Despite little evidence of their activities, the British public became obsessed with the idea of German spies lurking around every corner during the war. Fuelled by popular fiction and tabloid newspapers, this paranoia overestimated both the number and the quality of enemy spies on British soil, laying blame on those damned Krauts for any and all misfortune.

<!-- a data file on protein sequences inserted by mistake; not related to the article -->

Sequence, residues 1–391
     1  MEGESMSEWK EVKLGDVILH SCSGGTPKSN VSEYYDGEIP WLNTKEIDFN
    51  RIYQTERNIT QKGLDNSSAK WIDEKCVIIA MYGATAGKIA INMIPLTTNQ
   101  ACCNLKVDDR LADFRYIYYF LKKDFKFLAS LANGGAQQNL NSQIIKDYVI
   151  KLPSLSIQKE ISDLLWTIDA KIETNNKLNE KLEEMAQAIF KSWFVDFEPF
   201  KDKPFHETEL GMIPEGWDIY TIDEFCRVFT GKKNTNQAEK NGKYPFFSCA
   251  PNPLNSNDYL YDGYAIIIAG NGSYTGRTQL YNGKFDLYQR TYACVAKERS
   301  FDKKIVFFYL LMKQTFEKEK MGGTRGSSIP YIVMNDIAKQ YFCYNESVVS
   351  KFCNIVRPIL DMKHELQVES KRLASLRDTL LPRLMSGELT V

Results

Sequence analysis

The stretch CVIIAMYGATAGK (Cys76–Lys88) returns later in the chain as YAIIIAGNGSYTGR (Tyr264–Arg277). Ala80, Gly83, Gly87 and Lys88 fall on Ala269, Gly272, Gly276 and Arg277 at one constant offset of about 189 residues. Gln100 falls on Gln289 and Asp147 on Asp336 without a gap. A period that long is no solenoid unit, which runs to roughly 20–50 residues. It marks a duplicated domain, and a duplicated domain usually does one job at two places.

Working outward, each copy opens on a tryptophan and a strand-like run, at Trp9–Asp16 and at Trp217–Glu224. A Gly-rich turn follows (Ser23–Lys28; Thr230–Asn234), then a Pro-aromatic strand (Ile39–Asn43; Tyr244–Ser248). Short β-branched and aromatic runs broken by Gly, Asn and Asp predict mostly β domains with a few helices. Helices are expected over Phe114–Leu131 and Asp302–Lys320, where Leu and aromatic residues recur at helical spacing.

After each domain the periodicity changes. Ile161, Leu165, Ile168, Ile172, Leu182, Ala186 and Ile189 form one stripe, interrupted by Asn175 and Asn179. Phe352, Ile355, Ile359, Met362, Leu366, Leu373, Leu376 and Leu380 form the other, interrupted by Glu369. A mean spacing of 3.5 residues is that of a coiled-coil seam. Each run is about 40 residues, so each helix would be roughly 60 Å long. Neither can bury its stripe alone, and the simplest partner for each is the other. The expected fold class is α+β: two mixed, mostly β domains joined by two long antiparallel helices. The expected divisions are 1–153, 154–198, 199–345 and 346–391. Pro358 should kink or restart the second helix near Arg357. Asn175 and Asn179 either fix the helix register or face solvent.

Nevertheless, espionage was a real threat in every country involved in the war, with military codes and advanced notice of troop movements at risk of falling into enemy hands. In Britain, it was up to Scotland Yard and MI5 to separate the imagined spies from the real ones, the most famous of which was Carl Hans Lody. With very little training our guile, Lody was discovered sending telegrams to Germany using simple codes and at times even plain text. A real genius move, that. He was arrested in Ireland in October 1914 and executing in the Tower of London the following month. He was the first person to be executed there in 167 years, so it's not like he never achieved anything. Ten other spies would follow his fate in the remaining years of the war, with others imprisoned or executed elsewhere.